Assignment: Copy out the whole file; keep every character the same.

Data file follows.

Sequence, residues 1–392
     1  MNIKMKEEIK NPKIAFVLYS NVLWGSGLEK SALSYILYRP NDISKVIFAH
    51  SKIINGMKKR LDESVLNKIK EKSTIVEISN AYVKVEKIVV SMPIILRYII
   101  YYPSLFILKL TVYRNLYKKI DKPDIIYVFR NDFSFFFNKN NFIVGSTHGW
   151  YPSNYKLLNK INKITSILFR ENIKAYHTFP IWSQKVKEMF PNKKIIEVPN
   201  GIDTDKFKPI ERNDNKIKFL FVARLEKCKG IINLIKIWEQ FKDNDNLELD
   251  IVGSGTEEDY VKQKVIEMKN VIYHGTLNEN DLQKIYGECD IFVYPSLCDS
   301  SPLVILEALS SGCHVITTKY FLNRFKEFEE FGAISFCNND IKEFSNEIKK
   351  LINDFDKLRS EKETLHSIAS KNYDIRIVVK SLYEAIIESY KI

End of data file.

Sequence, residues 1–392
     1  MNIKMKEEIK NPKIAFVLYS NVLWGSGLEK SALSYILYRP NDISKVIFAH
    51  SKIINGMKKR LDESVLNKIK EKSTIVEISN AYVKVEKIVV SMPIILRYII
   101  YYPSLFILKL TVYRNLYKKI DKPDIIYVFR NDFSFFFNKN NFIVGSTHGW
   151  YPSNYKLLNK INKITSILFR ENIKAYHTFP IWSQKVKEMF PNKKIIEVPN
   201  GIDTDKFKPI ERNDNKIKFL FVARLEKCKG IINLIKIWEQ FKDNDNLELD
   251  IVGSGTEEDY VKQKVIEMKN VIYHGTLNEN DLQKIYGECD IFVYPSLCDS
   301  SPLVILEALS SGCHVITTKY FLNRFKEFEE FGAISFCNND IKEFSNEIKK
   351  LINDFDKLRS EKETLHSIAS KNYDIRIVVK SLYEAIIESY KI